Since higher education is funded by the state, the fees are very low; the tuition varies from €150 to €700 depending on the university and the different levels of education. (licence, master, doctorate). One can therefore get a master's degree (in 5 years) for about €750–3,500. Additionally, students from low-income families can apply for scholarships, paying nominal sums for tuition or textbooks, and can receive a monthly stipend of up to €450 per month.
The tuition in public engineering schools is comparable to universities but a little higher (around €700). However, it can reach €7,000 a year for private engineering schools, and some business schools, which are all or partly private, charge up to €15,000 a year.
Health insurance for students is free until the age of 20 and so only the costs of living and books must be added. After the age of 20, health insurance for students costs €200 a year and covers most of the medical expenses.
Some public schools have other ways of gaining money. Some do not receive sufficient funds from the government for class trips and other extra activities and so those schools may ask for a small (optional) entrance fee for new students.
The public universities in France are named after the major cities near which they are located, followed by a numeral if there are several. Paris, for example, has 13 universities, labelled Paris I to XIII. Some of them are not in Paris itself, but in the suburbs. In addition, most of the universities have taken a more informal name that is usually that of a famous person or a particular place. Sometimes, it is also a way to honor a famous alumnus, for example the science university in Strasbourg is known as "Université Louis Pasteur" while its official name is "Université Strasbourg I" (however, since 2009, the three universities of Strasbourg have been merged).
The French system has undergone a reform, the Bologna process, which aims at creating European standards for university studies, most notably a similar time-frame everywhere, with three years devoted to the bachelor's degree ("licence" in French), two for the Master's, and three for the doctorate. French universities have also adopted the ECTS credit system (for example, a licence is worth 180 credits). However the traditional curriculum based on end of semester examinations still remains in place in most universities. That double standard has added complexity to a system, which also remains quite rigid. It is difficult to change a major during undergraduate studies without losing a semester or even a whole year. Students usually also have few course selection options once they enroll in a particular diploma.
France also hosts various catholic universities recognized by the state, the largest one being Lille Catholic University, as well branch colleges of foreign universities. They include Baruch College, the University of London Institute in Paris, Parsons Paris School of Art and Design and the American University of Paris.
The grandes écoles of France are elite higher-education establishments. They are generally focused on a single subject area (e.g., engineering or business), have a small size (typically between 100 and 300 graduates per year), and are highly selective. They are widely regarded as prestigious, and most of France's scientists and executives have graduated from a grande école.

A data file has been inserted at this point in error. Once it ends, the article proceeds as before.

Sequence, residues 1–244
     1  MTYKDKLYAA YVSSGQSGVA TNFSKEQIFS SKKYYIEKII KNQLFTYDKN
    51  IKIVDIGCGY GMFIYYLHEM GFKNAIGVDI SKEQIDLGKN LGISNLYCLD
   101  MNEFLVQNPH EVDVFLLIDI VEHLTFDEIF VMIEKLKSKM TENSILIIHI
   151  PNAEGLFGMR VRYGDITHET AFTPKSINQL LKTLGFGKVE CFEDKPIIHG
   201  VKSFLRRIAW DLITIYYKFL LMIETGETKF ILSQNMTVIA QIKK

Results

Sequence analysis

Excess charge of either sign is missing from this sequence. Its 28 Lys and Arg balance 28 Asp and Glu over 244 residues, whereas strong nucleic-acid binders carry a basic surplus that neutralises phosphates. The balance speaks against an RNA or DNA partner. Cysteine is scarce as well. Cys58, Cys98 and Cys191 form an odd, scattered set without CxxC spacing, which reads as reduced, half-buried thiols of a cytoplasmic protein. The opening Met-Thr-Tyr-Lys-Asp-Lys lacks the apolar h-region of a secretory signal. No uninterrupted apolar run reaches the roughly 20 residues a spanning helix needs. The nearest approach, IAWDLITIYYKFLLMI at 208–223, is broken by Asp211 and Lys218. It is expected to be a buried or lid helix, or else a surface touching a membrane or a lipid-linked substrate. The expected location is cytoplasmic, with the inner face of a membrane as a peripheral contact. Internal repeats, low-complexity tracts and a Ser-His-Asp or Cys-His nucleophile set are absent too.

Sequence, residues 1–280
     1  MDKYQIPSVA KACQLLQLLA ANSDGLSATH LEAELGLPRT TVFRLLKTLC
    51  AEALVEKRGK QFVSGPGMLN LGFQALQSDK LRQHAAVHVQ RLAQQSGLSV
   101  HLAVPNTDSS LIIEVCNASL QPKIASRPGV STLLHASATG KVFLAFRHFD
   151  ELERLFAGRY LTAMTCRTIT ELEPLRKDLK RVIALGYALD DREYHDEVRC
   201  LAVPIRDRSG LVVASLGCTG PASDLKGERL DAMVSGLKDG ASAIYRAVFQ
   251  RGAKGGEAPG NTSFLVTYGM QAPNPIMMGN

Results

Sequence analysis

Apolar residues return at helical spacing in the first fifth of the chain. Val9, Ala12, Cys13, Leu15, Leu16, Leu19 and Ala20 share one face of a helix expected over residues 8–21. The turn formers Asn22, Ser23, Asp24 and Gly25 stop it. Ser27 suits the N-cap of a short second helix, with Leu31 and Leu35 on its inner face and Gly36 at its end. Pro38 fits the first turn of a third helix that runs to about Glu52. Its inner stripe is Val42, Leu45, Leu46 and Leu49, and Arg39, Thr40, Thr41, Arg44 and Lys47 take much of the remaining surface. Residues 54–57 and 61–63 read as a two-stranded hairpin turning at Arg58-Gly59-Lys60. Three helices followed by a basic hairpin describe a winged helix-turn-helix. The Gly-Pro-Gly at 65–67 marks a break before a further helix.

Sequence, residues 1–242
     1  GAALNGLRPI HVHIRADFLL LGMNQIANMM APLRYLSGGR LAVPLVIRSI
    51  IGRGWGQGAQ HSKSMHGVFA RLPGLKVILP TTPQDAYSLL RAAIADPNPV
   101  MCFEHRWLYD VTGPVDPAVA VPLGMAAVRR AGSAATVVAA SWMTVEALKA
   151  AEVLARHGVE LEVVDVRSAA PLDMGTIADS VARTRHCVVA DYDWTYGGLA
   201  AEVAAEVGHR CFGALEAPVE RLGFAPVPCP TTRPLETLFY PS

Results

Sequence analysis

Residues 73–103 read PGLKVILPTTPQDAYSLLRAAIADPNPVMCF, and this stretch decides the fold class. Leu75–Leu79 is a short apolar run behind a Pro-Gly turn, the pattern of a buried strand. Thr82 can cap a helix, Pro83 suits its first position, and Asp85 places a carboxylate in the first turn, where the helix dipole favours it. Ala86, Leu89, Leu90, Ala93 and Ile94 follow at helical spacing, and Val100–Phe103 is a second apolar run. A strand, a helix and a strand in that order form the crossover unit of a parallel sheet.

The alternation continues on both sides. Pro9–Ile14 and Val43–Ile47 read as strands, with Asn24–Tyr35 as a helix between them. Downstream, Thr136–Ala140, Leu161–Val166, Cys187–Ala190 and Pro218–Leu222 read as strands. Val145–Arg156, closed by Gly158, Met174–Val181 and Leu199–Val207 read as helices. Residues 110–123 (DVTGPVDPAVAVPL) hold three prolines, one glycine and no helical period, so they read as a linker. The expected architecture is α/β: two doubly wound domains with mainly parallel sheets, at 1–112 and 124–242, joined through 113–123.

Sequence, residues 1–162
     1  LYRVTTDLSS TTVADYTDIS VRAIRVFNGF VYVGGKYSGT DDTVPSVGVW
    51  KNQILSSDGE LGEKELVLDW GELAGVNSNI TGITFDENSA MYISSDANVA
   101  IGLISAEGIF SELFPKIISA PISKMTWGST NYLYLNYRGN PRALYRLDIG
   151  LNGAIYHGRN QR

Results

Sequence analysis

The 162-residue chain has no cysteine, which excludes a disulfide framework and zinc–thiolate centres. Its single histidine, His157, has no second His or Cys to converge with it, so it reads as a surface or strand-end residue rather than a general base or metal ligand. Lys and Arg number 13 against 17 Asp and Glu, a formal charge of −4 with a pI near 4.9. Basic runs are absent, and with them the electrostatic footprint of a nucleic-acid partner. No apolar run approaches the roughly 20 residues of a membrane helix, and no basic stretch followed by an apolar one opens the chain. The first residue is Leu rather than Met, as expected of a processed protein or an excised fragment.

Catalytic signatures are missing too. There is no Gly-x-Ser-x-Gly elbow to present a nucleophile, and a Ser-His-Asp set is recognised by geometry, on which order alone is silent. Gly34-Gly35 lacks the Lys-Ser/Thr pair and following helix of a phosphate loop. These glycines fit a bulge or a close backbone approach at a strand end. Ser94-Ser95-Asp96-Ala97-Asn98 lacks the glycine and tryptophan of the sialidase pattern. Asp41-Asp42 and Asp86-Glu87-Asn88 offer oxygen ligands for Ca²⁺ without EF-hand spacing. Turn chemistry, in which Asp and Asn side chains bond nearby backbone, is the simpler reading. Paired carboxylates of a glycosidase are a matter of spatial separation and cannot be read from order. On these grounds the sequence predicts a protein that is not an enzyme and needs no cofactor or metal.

The Preparatory classes (in French "classes préparatoires aux grandes écoles" or CPGE), widely known as prépas, is a prep course with the main goal of training students for enrollment in a grande école. Admission to CPGEs is based on performance during the last two years of high school, called Première and Terminale. Only 5% of a generation is admitted to a prépa. CPGEs are usually located within high schools but pertain to tertiary education, which means that each student must have successfully passed their Baccalauréat (or equivalent) to be admitted to a CPGE. Each CPGE receives applications from hundreds of applicants worldwide every year in April and May, and selects students based on its own criteria. A few CPGEs, mainly the private ones, which account for 10% of CPGEs, also have an interview process or look at a student's involvement in the community.
The ratio of CPGE students who fail to enter any grande école is lower in scientific and business CPGEs than in humanities CPGEs.
Some preparatory classes are widely considered "elite", being extremely selective, and recruiting only the best students from each high school, if not the best student from each high school. These schools practically guarantee their students a place in one of the top "grandes écoles". Among them are the Lycée Louis-Le-Grand, the Lycée Henri-IV, the Lycée Stanislas and the Lycée privé Sainte-Geneviève.
The oldest CPGEs are the scientific ones, which can be accessed only by scientific Bacheliers. Scientific CPGE are called TSI ("Technology and Engineering Science"), MPSI ("Mathematics, Physics and Engineering Science"), PCSI ("Physics, Chemistry, and Engineering Science") or PTSI ("Physics, Technology, and Engineering Science") in the first year, MP ("Mathematics and Physics"), PSI ("Physics and Engineering Science"), PC ("Physics and Chemistry") or PT ("Physics and Technology") in the second year and BCPST ("Biology, Chemistry, Physics, Life and Earth Sciences").